Sunday, April 15, 2012

Frozen Yogurt has Arrived....




MY BOWL: CAKE BATTER, CALIFORNIA TART, SOUR WORMS,
PRETZELS, MOCHI ... DELISH

Finally.... the day has arrived that us cold blooded Minnesotans get to enjoy the sweetness of self-serve yogurt!!! I may be the only one jumping for joy now, but just wait until you try this delicacy first hand and then you'll know how I feel ;). The East and West coasts have been going bananas over this stuff for years and now entrepreneurs have finally caught on to the craze in the good 'ole midwest. Popular coastal chains such as Pinkberry, Menchies, and Red Mango all share the a similar concept of self-service, fun environment, extensive variety and of course a healthier option to ice cream. Believe it or not, frozen yogurt on average packs in half the calories of traditional ice cream! 
I became a huge fan of these places while vacationing in California a few years ago. I first discovered that yogurt had arrived in the Twin Cities this winter while passing by a newly opened Menchies in Highland, then discovered the Yogurt Lab in Calhoun Commons, Tutti Frutti in Maple Grove and Freestyle in St. Paul as featured in my blog. That's four new shops in the past year... amazing :) These shops work by charging the customer by weight of their yogurt concoction. I must admit, it is easy to get carried away adding mochi, candies, fruit and other such yummies to your bowl making this treat fairly pricey. My husband and I are trying to buy a house in St. Paul very close to Freestyle, which of course makes me very happy. What I like about Freestyle, is that it's not a franchise or chain as is run by a native Minnesotan. The atmosphere inside the shop is beachy and fun with bold red surf boards for tables and brightly colored walls. The flavor and topping options are extensive, allowing every taste bud equal opportunity satisfaction! 


Wednesday, April 11, 2012

Confetti Soup



This month has been absolute madness. On top of trying to finish out school, work, and band obligations, my husband and I have been in the process of trying to buy a house! So... if you are concerned my blogging has decreased... you know why. In attempt to salvage some sort of dinner a few nights ago, I threw almost everything in my kitchen into this "confetti soup", which surprisingly turned out delicious. The roster of ingredients included, chickpeas, fava beans, tomatoes, onions, garlic, red cabbage, carrots, bacon, chicken broth, tomato paste, and white wine vinegar. In a nut shell, this has been my life lately, a confetti of this and that all pilled into one crazy delicious stew I like to call life ;).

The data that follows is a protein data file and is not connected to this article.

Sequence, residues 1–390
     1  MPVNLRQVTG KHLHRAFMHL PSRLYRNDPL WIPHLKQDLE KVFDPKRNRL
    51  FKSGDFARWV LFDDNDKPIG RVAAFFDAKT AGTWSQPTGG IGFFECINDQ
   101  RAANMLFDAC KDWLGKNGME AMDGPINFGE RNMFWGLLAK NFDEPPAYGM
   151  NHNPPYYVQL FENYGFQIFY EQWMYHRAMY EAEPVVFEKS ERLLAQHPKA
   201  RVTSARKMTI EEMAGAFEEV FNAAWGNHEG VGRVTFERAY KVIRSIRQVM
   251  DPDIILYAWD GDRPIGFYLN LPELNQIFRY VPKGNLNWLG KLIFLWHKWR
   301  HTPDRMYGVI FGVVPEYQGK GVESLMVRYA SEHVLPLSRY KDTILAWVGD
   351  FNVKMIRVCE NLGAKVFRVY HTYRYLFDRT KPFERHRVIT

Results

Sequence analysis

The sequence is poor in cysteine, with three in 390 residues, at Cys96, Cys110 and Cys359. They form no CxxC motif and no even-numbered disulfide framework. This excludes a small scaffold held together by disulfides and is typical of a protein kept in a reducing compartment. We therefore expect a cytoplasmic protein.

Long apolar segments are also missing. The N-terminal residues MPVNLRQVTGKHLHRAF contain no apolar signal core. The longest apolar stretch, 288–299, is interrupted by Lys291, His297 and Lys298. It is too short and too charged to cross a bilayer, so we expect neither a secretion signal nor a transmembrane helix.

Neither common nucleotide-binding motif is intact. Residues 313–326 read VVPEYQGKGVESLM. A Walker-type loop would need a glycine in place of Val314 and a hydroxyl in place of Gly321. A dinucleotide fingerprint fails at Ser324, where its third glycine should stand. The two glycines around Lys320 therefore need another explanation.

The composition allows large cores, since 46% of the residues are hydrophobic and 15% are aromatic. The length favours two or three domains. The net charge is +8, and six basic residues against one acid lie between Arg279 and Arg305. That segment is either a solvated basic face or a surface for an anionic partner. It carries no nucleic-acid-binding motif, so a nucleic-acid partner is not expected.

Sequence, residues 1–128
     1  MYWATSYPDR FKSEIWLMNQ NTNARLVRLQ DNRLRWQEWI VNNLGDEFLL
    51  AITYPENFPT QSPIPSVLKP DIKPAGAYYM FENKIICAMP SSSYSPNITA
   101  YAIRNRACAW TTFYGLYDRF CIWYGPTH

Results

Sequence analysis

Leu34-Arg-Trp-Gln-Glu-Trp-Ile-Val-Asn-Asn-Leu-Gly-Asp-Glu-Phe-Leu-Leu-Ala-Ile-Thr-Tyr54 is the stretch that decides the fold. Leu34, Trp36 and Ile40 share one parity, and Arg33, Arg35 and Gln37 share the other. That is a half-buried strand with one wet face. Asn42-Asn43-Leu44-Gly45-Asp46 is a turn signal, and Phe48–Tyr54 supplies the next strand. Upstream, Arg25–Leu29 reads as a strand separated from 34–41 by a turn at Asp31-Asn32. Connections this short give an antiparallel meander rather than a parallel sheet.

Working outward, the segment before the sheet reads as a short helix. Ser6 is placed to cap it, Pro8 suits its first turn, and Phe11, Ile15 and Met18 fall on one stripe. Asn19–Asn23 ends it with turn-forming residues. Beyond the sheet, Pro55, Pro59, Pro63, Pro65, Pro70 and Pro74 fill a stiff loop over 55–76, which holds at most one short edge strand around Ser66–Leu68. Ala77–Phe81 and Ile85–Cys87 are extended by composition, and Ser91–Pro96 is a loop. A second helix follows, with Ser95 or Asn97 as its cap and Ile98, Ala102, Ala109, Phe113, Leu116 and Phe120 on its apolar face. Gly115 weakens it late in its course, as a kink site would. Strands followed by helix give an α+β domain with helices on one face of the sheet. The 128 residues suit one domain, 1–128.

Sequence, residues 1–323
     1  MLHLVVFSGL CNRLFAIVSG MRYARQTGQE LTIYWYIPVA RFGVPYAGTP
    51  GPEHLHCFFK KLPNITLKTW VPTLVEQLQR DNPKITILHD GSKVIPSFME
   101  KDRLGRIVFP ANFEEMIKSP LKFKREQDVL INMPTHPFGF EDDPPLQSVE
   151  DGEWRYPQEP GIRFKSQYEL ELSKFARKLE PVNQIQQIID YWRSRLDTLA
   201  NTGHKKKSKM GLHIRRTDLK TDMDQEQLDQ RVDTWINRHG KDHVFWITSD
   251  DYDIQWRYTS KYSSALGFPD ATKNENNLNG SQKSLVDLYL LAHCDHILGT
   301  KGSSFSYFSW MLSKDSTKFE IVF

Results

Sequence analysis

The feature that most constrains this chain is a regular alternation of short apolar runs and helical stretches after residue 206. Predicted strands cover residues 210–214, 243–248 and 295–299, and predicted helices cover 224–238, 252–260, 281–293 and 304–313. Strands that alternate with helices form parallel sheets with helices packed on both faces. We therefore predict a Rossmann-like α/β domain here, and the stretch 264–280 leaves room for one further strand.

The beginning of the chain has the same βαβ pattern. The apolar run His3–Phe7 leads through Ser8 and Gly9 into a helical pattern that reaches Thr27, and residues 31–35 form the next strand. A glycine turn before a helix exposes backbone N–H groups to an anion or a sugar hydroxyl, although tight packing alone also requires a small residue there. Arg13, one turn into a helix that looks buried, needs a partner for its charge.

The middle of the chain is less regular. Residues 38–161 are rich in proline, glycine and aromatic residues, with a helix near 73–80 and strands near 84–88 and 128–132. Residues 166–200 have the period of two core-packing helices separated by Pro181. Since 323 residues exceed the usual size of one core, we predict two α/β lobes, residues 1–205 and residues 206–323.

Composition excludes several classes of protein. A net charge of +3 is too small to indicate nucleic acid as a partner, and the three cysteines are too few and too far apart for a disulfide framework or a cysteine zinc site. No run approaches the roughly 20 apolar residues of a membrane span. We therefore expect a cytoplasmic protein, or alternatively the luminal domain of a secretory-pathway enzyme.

Gefilte Fish... Wah?





Passover dinner this year came and went as many do, firing up the grill for meaty steaks, matzo, a prayer or two and some pleasant dinner conversation about the woes of the world... Just kidding! This years passover was a bit rebellious, for one we forgot the seddar plate, the manual, and the setting this year was up at the cabin instead of home, which I must admit was quite nice. Getting to the important piece here, WHAT IN THE WORLD IS GEFILTE FISH? It has been a passover tradition to dish out this jarred, bazaar looking product, we refer to as fish, but WHY? I learned that gefilte fish is Yiddish for, "stuffed fish." The dish is a Jewish tradition and is made from poaching ground fish such as carp, whitefish or pike. The ground fish is then pressed and formed into fish patties if you will. Post WWII, gefilte began to make it's way into grocery stores in jars, for longer shelf life and lower cost. This fish is often served during passover, because it is not considered to be subject to the "evil eye." Furthermore, fish is not considered as milk or meat, and according to kosher law, it may be eaten more often (Wikipedia). For our dinner, my mother bought the jarred fish and doctored it up with fresh vegetables and broth. To be honest, I actually like this weird stuff... and wouldn't ever consider banishing it from the passover table :)